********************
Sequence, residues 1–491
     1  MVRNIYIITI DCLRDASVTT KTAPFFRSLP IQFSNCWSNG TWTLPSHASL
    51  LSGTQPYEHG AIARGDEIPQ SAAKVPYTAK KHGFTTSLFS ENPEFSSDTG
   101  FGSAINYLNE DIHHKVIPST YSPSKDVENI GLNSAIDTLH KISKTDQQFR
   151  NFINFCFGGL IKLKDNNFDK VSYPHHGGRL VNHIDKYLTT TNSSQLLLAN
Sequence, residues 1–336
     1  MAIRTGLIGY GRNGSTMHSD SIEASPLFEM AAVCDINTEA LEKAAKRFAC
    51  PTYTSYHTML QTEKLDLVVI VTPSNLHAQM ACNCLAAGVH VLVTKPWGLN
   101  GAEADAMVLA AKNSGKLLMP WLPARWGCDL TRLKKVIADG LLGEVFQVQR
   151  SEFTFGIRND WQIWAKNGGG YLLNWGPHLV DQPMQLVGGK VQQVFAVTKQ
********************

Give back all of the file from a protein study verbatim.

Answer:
Sequence, residues 1–491
     1  MVRNIYIITI DCLRDASVTT KTAPFFRSLP IQFSNCWSNG TWTLPSHASL
    51  LSGTQPYEHG AIARGDEIPQ SAAKVPYTAK KHGFTTSLFS ENPEFSSDTG
   101  FGSAINYLNE DIHHKVIPST YSPSKDVENI GLNSAIDTLH KISKTDQQFR
   151  NFINFCFGGL IKLKDNNFDK VSYPHHGGRL VNHIDKYLTT TNSSQLLLAN
Sequence, residues 1–336
     1  MAIRTGLIGY GRNGSTMHSD SIEASPLFEM AAVCDINTEA LEKAAKRFAC
    51  PTYTSYHTML QTEKLDLVVI VTPSNLHAQM ACNCLAAGVH VLVTKPWGLN
   101  GAEADAMVLA AKNSGKLLMP WLPARWGCDL TRLKKVIADG LLGEVFQVQR
   151  SEFTFGIRND WQIWAKNGGG YLLNWGPHLV DQPMQLVGGK VQQVFAVTKQ